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I see what you mean. There's probably no way to outright refute (as in: destroy right away) 6...Nf6, I don't think that White can get more than a microscopically tiny positional advantage. That might have been what the FM was thinking when he played it. He knew that it was just playable enough to not give White too much of an advantage, but uncommon enough for you to be unlikely to be prepared for it, so he could use his strength to outplay you in the middlegame.Just for curiosity's sake, could you maybe post the whole game?
Fisherfan10, you can't really compare the race that occurs after the standard e5 and the position with the exchange on e5 after an early Nc6. In the mainline both sides have all of their pieces left on the board and start pawn storming like there is no tomorrow. However after an early Nc6 and exchange on e5, the position has changed and neither side can really go all in after such an exchange, instead the Black players I've met have slowly built up their attack on the kingside while patiently defending their other flank which is now hard to penetrate because of the absence of a c-pawn (e6 will be played). The c-file is nice to have, but still I've struggled to make use of it.HappyUngulate: Yes, I can post it, just need to find the paper sheet lol.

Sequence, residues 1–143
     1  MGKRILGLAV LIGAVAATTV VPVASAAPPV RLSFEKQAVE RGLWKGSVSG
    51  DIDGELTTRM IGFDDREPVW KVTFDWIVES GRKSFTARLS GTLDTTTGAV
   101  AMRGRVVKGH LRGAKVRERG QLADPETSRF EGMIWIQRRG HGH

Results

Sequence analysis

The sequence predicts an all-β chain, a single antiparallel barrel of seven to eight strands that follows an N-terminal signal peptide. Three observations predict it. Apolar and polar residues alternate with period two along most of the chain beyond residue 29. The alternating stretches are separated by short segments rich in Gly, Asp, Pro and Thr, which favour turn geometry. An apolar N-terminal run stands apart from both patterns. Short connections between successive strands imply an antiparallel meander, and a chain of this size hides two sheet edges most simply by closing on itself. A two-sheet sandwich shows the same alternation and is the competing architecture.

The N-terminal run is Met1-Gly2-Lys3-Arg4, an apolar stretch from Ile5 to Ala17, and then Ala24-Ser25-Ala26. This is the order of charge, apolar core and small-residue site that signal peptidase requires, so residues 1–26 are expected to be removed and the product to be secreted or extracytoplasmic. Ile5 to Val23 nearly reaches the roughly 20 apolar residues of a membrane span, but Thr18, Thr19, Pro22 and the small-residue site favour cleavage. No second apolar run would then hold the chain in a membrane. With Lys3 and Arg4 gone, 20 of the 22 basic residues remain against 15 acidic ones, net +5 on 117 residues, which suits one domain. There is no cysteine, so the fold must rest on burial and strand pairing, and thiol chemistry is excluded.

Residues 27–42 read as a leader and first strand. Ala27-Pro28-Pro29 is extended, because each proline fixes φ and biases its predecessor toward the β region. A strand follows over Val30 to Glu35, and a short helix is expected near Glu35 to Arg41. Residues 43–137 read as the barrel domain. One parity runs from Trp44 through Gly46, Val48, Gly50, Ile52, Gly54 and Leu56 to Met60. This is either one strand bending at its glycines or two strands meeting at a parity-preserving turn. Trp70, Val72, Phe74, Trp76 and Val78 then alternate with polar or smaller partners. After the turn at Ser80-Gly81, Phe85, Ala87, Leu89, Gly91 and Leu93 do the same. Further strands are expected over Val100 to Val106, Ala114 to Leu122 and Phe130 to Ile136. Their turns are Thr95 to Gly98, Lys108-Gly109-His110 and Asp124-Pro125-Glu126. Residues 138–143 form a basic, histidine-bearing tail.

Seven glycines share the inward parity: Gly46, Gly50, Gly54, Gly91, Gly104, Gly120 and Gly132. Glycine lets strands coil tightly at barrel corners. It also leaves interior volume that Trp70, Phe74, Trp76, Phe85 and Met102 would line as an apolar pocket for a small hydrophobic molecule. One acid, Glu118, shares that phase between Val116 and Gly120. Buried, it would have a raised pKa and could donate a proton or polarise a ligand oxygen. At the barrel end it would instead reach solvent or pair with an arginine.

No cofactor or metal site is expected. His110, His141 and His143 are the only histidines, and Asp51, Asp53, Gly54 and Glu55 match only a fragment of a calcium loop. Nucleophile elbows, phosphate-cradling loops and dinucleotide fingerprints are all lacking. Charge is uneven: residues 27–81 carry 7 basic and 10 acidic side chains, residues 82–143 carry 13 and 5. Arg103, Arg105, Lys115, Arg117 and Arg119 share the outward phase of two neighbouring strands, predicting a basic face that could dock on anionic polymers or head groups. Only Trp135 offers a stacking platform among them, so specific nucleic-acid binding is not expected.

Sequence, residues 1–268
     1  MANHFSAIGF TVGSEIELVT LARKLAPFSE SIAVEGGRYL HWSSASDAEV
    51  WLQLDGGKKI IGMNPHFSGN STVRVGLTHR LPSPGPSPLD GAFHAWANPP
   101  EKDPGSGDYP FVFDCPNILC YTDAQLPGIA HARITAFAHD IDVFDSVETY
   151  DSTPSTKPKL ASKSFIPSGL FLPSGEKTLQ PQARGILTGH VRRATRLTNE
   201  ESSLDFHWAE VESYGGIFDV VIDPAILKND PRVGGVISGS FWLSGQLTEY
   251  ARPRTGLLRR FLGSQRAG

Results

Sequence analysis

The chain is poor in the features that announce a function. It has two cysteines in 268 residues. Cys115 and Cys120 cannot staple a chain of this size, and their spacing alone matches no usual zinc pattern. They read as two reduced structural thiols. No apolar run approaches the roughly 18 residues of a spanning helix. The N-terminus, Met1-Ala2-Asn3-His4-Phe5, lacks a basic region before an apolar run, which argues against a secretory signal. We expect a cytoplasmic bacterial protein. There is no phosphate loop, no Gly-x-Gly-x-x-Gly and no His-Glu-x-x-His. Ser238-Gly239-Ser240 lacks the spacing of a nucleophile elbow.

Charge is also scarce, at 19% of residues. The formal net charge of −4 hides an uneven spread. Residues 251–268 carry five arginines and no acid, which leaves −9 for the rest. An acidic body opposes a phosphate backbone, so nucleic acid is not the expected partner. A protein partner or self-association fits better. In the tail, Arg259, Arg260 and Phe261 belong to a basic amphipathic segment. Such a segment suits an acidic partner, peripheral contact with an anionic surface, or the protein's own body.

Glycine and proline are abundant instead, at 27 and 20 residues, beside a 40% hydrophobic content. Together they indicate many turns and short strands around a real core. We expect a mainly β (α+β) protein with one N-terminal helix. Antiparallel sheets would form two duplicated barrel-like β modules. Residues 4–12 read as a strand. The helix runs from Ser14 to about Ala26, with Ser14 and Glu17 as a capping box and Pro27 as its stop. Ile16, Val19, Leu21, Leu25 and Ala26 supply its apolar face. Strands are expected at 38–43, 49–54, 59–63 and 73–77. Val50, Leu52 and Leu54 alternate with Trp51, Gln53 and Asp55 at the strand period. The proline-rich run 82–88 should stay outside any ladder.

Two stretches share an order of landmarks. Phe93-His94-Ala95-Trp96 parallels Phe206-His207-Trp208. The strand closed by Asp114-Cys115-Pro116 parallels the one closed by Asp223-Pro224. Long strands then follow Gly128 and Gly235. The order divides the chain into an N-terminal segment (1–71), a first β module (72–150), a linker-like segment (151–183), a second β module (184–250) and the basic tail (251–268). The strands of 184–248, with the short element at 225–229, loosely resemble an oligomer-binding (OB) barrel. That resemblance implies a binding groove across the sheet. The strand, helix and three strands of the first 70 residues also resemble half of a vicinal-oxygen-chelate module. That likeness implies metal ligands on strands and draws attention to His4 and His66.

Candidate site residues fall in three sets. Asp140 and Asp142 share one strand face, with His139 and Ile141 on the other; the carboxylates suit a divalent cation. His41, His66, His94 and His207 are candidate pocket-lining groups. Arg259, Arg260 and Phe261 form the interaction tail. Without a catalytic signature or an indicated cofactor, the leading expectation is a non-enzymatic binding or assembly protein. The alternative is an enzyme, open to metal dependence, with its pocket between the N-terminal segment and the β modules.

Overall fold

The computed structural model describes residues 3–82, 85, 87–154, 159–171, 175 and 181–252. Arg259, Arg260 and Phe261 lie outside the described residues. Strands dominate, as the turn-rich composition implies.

Btw, you also avoid any Bayonett attack by playing this way.
Here inlies another problem for Black:
This is the game I played vs a FM. I'm sure I stood better at some point but it proofs it isn't as easy to crack as one might think.
The two lines are most certainly comparable. You say that neither side can go "all in" after the exchange on e5. I didn't say anything about going all in. My concern was the flow and timing of Black's K-side play as compared to White's Q-side play. In the mainline there is a relative balance between those two factors. This is obvious even from a visual standpoint.
In the 6...Nc6!? line by comparison, this flow of time has shifted in White's favor. The resulting structure in the line I gave after 11...Ne8 is similar in respects to a position from the Exchange variation.
Granted there are important differences, mainly the number of pieces left on the board in the 6...Nc6 lines is greater than in the Exchange variation. All it means is that in the ...Nc6 line Black has compensation for the long-term weakness in his ability to generate dynamic activity. Black's play is a bit slow and if he can't make anything of it then his weakness will eventually tell. I'd say white would have a slight, but long-lasting, plus in the resulting middlegame. Alghough being an avid KID player, I don't hate Black's chances in the least. The Mainline is just gives a more balanced game.
Way to post a random game that has nothing to do with the topic at hand, congrats!
Awesome, thank you!
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